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El Niño has effects all the way to the edge of the atmosphere.
Claire Raftery

El Niño has effects all the way to the edge of the atmosphere.

-- December 16, 2015

The warm El Niño conditions affecting weather around the Pacific Ocean are also affecting conditions in space, according to University of California, Berkeley scientists.

El Niño is commonly observed as a global change in rainfall due to changes in temperature in the Pacific Ocean. However, UC Berkeley scientists report today at the annual meeting of the American Geophysical Union meeting in San Francisco that the processes that lead to increased precipitation are also driving unexpected changes in the ionosphere, the uppermost level of the atmosphere.

The findings (AGU abstract #SA31F-2383) will be presented by Dr. Thomas Immel, and are based on calculations by Dr. Astrid Maute of the High Altitude Observatory in Boulder, Colorado.

“We expected that we would see some changes in the ionosphere when we started this study” says Dr. Immel, a Senior Fellow at UC Berkeley’s Space Sciences Laboratory, “but we were shocked at how strong the effect has turned out to be”.

“The connection between the lower and upper atmosphere has been getting more attention lately” says Immel, who is also participating on a panel with former Vice President, Al Gore on the future of Earth Observations today. “This is largely because we keep discovering new ways in which the lower atmosphere affects the conditions higher up”.

The study is being conducted in advance of a new NASA mission, the Ionospheric Connection Explorer (ICON), which will study this and similar effects, has observed large enhancements in ionospheric density after dusk – a time when the ionosphere generally relaxes and is significantly thinner. Instead, they are finding that the ionosphere is disproportionately thick, even after sunset.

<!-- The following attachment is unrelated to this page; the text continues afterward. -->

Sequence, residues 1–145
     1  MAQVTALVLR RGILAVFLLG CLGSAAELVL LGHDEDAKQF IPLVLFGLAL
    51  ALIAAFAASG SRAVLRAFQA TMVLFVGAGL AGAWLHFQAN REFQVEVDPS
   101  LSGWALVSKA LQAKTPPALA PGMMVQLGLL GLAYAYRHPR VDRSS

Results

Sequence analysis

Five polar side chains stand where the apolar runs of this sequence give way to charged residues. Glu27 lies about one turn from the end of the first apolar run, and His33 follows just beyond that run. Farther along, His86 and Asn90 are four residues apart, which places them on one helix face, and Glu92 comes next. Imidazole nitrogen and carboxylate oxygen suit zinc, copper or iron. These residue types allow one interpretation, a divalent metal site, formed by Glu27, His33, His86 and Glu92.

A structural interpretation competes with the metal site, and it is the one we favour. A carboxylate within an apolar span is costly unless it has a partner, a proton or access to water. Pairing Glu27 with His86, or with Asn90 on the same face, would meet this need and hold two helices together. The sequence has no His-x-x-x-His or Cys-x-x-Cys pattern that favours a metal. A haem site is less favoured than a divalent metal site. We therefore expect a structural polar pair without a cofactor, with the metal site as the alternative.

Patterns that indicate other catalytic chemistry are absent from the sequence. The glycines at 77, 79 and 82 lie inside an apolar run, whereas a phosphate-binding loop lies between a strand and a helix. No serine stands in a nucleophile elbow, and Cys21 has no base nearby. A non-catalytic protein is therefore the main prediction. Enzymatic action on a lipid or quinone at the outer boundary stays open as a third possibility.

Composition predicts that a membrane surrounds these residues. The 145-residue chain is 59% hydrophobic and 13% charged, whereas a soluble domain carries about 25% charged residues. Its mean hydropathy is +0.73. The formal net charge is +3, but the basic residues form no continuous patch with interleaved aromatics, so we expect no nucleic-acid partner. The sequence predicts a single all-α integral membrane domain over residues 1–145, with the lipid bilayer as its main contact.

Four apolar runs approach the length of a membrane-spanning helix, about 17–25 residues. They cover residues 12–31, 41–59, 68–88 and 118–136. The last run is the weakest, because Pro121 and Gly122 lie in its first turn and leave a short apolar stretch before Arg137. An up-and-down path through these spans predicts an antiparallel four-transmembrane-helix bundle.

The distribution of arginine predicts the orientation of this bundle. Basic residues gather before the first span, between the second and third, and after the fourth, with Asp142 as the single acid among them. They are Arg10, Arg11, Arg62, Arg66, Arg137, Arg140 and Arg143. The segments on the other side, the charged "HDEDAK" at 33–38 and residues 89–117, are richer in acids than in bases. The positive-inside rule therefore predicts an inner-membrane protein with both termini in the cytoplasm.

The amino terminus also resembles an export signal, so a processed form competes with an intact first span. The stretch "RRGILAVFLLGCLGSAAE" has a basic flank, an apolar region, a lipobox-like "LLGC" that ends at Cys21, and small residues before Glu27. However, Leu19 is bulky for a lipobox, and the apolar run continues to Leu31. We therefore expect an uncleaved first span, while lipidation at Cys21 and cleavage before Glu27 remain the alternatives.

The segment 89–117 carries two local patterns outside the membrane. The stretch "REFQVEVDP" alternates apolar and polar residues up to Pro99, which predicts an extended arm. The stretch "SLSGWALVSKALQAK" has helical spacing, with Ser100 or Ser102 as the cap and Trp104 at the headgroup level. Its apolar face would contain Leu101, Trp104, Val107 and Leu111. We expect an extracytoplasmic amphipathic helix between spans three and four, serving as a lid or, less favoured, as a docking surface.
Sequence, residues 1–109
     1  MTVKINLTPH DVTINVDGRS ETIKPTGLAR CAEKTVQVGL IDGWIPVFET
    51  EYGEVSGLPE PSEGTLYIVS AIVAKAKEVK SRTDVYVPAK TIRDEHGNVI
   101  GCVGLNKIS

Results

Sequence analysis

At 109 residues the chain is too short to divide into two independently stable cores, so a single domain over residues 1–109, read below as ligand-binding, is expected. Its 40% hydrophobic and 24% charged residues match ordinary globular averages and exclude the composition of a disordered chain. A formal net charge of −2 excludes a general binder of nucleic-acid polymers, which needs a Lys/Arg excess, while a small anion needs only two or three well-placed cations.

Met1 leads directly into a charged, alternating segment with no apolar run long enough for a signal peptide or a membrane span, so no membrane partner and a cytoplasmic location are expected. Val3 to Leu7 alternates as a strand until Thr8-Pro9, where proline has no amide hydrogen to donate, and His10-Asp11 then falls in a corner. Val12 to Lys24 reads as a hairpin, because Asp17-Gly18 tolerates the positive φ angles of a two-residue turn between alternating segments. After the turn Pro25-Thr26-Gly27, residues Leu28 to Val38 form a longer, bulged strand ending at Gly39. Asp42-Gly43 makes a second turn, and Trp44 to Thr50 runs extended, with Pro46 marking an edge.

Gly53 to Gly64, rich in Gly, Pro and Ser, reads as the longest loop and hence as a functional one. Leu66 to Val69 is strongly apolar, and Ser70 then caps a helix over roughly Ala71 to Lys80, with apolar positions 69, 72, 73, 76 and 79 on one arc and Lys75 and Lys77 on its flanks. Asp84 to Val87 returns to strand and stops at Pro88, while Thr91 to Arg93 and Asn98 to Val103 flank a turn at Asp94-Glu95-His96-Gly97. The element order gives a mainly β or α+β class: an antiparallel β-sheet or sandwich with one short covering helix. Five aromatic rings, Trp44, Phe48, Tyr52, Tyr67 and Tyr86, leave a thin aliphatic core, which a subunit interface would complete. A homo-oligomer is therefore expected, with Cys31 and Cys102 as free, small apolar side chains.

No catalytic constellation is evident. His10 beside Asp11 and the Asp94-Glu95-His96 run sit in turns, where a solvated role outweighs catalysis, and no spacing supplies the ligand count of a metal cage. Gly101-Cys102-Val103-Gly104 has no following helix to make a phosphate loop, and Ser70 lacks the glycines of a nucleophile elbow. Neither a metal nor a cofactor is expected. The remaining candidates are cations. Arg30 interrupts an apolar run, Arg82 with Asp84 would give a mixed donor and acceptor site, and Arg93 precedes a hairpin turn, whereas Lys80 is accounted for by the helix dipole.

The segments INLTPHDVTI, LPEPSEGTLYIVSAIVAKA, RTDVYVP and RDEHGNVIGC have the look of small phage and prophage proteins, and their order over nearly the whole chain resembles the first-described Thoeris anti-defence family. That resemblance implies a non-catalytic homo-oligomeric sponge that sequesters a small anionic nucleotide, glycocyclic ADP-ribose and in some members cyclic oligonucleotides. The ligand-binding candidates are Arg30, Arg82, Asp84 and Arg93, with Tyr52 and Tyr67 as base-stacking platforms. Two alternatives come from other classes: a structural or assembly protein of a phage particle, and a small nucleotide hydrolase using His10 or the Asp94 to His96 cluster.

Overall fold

Dr. Katelynn Greer explains the effect: “El Nino is the term used to describe abnormally high temperatures in the Pacific Ocean, which results in temporary changes in global weather patterns. During El Nino, changes in wind and ocean current patterns result in warm waters stretching across the whole Pacific Ocean. This causes more water to vaporize into the atmosphere, which in turn will absorb more solar energy into the atmosphere. This extra heating causes changes in wind patterns, which causes atmosphere to react and change all the way from the ground to the edge of space around Earth.”

Although the evidence for this effect is quite convincing, the evidence currently consists exclusively of theoretical models. This is because there is no way to observe these kinds of changes in the ionosphere at the current time. However, a new satellite mission called the Ionospheric Connection Explorer, or ICON, will directly observe and measure these ionospheric shifts. “ICON will help us to understand what’s happening in our own atmosphere, during El Nino and during normal conditions” says Dr. Immel, principal investigator for the mission. “This is very exciting for us since ICON will observe El Nino in the ionosphere for the first time ever.”

ICON is currently scheduled for launch in the summer of 2017. Visit icon.ssl.berkeley.edu for further details.

For further information or comment on the ICON mission, please contact Dr. Thomas Immel: 510-499-8984; immel@ssl.berkeley.edu.
For general information, contact Dr. Claire Raftery 510-520-7569; Claire@ssl.berkeley.edu
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